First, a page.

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“Grid” computing has emerged as an important new field, distinguished from conventional distributed computing by its focus on large-scale resource sharing, innovative applications, and, in some cases, high performance orientation. In this article, the authors define this new field. First, they review the “Grid problem,” which is defined as flexible, secure,(More)
State-of-the-art and emerging scientific applications require fast access to large quantities of data and commensurately fast computational resources. Both resources and data are often distributed in a wide-area network with components administered locally and independently. Computations may involve hundreds of processes that must be able to acquire(More)
In recent years, there has been a dramatic increase in the number of available computing and storage resources. Yet few tools exist that allow these resources to be exploited effectively in an aggregated form. We present the Condor-G system, which leverages software from Globus and Condor to enable users to harness multi-domain resources as if they all(More)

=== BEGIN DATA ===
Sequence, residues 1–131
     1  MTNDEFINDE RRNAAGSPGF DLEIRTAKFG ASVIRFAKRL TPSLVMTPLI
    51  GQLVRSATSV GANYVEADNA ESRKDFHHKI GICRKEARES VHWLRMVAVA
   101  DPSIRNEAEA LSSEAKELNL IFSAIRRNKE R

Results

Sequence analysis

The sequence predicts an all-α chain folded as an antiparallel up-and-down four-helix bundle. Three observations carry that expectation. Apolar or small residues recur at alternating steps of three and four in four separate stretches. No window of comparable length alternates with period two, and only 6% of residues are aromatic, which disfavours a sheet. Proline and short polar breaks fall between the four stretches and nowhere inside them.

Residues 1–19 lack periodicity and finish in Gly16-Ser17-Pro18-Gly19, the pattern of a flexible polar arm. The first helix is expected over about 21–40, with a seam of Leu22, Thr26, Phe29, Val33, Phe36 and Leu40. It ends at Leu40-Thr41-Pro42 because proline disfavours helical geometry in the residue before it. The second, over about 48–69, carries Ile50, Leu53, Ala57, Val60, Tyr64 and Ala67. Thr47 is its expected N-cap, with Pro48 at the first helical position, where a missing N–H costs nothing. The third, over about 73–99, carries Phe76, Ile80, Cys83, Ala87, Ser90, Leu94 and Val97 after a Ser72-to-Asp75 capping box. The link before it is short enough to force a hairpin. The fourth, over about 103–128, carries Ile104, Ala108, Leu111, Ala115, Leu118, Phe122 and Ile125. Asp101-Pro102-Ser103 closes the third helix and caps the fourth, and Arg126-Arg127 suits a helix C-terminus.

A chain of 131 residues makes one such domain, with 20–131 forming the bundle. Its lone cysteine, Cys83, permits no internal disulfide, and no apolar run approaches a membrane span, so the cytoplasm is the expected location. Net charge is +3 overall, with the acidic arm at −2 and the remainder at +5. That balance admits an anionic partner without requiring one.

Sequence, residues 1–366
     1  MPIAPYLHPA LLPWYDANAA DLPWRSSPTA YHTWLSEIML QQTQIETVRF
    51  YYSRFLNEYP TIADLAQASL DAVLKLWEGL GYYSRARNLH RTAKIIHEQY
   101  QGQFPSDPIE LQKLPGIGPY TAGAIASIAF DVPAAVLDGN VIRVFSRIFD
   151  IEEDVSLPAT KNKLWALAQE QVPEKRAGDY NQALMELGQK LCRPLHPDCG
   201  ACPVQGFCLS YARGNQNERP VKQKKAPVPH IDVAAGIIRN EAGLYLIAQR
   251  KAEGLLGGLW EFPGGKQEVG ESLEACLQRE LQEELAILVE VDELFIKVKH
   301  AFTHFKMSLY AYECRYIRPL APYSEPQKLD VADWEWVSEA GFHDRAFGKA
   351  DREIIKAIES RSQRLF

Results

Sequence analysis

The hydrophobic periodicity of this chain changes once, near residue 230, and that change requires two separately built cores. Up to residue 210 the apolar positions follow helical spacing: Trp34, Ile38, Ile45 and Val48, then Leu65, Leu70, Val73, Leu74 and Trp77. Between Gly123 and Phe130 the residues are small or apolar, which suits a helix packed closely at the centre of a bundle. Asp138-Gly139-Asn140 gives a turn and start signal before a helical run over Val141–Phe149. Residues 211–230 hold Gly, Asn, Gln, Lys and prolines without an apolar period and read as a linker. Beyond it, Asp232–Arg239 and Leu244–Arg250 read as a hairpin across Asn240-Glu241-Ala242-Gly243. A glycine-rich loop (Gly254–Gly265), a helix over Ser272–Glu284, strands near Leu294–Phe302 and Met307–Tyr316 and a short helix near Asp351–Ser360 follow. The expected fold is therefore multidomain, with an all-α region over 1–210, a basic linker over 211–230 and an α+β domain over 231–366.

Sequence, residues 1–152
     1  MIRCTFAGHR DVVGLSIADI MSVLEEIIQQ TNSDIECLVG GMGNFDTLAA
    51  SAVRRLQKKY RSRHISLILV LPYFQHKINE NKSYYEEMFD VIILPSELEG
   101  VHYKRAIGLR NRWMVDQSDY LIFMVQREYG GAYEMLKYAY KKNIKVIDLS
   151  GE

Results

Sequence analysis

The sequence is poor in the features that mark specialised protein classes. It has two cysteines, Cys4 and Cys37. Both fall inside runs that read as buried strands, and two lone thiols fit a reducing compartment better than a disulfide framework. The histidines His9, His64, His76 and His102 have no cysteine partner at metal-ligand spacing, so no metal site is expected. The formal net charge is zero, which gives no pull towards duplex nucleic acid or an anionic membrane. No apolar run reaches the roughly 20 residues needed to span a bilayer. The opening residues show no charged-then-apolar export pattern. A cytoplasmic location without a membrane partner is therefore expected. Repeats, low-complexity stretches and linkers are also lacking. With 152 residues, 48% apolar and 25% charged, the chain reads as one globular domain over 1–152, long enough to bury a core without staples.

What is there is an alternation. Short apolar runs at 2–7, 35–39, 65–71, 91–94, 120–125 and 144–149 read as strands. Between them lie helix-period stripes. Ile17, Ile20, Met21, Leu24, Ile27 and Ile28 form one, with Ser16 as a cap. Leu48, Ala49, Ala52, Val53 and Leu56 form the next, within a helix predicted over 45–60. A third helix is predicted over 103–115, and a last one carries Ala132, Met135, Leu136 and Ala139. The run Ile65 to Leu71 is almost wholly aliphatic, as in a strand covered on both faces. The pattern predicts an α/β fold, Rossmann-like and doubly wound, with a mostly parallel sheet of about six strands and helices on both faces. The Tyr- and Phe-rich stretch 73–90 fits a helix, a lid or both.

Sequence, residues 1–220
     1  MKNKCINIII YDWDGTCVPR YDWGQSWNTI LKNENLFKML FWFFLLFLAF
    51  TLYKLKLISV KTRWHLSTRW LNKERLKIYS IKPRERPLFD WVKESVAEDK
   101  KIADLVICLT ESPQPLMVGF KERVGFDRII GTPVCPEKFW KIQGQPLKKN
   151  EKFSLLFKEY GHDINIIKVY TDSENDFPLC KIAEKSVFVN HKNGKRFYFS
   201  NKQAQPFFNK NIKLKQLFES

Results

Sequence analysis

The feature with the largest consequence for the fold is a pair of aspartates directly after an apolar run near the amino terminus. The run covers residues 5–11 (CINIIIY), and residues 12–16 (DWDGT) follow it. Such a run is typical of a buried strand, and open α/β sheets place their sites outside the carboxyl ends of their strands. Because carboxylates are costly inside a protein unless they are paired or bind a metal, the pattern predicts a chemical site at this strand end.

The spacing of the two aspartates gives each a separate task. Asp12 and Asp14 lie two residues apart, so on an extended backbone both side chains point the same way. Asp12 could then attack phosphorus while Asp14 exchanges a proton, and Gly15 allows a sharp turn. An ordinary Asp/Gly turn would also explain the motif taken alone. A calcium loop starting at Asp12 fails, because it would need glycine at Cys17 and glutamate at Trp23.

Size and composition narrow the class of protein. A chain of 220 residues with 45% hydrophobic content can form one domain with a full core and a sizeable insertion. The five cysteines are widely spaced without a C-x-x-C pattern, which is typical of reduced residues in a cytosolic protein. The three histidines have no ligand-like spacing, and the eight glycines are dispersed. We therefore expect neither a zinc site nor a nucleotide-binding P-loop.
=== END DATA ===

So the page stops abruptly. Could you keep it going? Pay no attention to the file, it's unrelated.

Metacomputing systems are intended to support remote and/or concurrent use of geographically distributed computational resources. Resource management in such systems is complicated by five concerns that do not typically arise in other situations: site autonomy and heterogeneous substrates at the resources, and application requirements for policy(More)
In “Grids” and “collaboratories,” we find distributed communities of resource providers and resource consumers, within which often complex and dynamic policies govern who can use which resources for which purpose. We propose a new approach to the representation, maintenance, and enforcement of such policies that provides a scalable mechanism for specifying(More)
High-performance execution in distributed computing environments often requires careful selection and configuration not only of computers, networks, and other resources but also of the protocols and algorithms used by applications. Selection and configuration in turn require access to accurate, up-to-date information on the structure and state of available(More)
Grid computing is concerned with the sharing and coordinated use of diverse resources in distributed "virtual organizations.” The dynamic and multi-institutional nature of these environments introduces challenging security issues that demand new technical approaches. In particular, one must deal with diverse local mechanisms, support dynamic creation of(More)
The data grid: Towards an architecture for the distributed management and analysis of large scientific datasets Ann ChervenakŁ, Ian Foster†‡, Carl KesselmanŁ, Charles Salisbury† and Steven Tuecke† ŁInformation Sciences Institute, University of Southern California, USA †Mathematics and Computer Science Division, Argonne National Laboratory, USA ‡Department(More)